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The Student
John Underwood
April 05, 1976
Removed from the showcase of his sport, what is he, who is he—the big-time college basketball player? A look at Missouri's Jim Kennedy
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April 05, 1976

The Student

Removed from the showcase of his sport, what is he, who is he—the big-time college basketball player? A look at Missouri's Jim Kennedy

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Quarters for the Tigers at Hearnes are small, but modern and comfortable. Each player's name is engraved on a plastic strip over his dressing cubicle, and there is a compartment for valuables, each with a combination lock. A sign advises that BIG EIGHT CHAMPIONS ARE MADE, NOT BORN. The Staple Singers hammer out a locker-room favorite: Do it again, do it again....

The doors were unlocked at 6:30 and the crowd thundered in, risking life and limb scrambling over the too-steep chair backs to get down to the choice locations. By game time the announcer was able to report that it was the biggest crowd of the year, 11,847. The crowd applauded lustily. The clamorous Mini-Mizzou added its approval from a select spot underneath the east basket.

Missouri beat Nebraska in overtime, principally because of the continued fine play of Willie Smith and Kim Anderson. Kennedy, still off form, took only six shots, but made five. He hung around the auditorium afterward, visiting with his mother and Terri. He told Terri to wait and he'd get the Mustang and bring it around to pick her up so she wouldn't have to tackle the snow.

Outside, black and white athletes split into groups and went their separate ways. It was something seen everywhere, and nothing anyone seemed able or inclined to do anything about. A matter of "selection," Kennedy said, though he added the players sometimes mixed at parties.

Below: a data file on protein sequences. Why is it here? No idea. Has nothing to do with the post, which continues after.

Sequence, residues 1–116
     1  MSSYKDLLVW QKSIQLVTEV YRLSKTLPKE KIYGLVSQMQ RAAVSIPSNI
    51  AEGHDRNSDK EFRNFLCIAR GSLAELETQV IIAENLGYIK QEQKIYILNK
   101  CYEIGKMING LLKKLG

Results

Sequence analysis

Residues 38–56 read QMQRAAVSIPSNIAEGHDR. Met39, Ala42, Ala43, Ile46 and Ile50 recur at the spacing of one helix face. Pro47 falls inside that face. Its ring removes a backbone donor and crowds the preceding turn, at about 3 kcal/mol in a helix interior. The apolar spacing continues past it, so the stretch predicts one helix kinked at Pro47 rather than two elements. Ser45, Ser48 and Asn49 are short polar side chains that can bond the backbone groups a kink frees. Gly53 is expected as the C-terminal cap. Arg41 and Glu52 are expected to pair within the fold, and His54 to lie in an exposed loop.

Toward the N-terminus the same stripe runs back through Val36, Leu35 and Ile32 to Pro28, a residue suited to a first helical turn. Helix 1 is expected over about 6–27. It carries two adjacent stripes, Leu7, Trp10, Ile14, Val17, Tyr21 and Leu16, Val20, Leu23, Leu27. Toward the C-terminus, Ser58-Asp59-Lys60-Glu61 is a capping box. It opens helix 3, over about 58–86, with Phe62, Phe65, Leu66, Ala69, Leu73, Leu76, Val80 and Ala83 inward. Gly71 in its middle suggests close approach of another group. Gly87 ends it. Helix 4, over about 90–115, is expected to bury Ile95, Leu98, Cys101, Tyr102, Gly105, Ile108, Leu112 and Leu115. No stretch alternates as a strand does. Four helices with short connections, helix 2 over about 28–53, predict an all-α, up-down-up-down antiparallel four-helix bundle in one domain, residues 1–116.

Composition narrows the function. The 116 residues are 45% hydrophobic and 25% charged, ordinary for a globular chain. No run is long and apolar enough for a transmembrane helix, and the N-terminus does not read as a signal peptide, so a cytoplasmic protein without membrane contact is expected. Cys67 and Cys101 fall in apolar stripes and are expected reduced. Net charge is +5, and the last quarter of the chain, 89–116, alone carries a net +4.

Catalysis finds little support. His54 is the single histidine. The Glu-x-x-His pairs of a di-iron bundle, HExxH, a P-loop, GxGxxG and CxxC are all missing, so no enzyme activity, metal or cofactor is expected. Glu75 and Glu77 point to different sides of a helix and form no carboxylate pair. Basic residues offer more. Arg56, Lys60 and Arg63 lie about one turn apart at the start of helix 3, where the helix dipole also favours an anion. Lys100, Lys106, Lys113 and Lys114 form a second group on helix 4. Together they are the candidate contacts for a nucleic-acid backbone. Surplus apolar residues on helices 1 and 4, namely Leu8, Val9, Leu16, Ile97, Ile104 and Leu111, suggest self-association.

He was halfway back to Tiger Towers before he realized he had forgotten Terri. When he got back to the auditorium, a J-schooler was waiting with her; he had offered to take her home. Kennedy told him to "bug off."

The next morning Kennedy was at Terri's apartment early, and with the weather already warming again took her for a ride down to the river. It was breezy still, but the sun was out, and he had a six-pack, and they stayed three hours.

Two weeks later Missouri won the Big Eight championship with victories over Kansas State and Colorado. Kennedy played brilliantly against a favored Kansas State team in Manhattan, scoring 15 points and—more important—playing aggressive defense and leading the team with 12 rebounds. Afterward, however, he preferred to tell how great Willie Smith had been, scoring 38 points "and just going wild." A crowd estimated at close to 300 came to the Columbia airport to meet the team.

Kennedy's mother drove down for the final, anticlimactic game with Colorado. Kennedy told her how Coach Stewart was "beside himself" winning the championship and "how pleased" he was for Stewart. "It's his life," he said. Mrs. Kennedy took her son by the arm and walked him away from the group.

"You've wanted that Jeep for years," she said soberly. "I know you have, and I wanted you to have it. I've shopped around and looked at the prices, and it's just out of the question. So here." She handed him the keys to a 1975 Jeep CJ-5. Just like Meat's, only green.

He told her to please pass the keys to the Mustang on to his other sister. And never mind what happened to the coat hanger.

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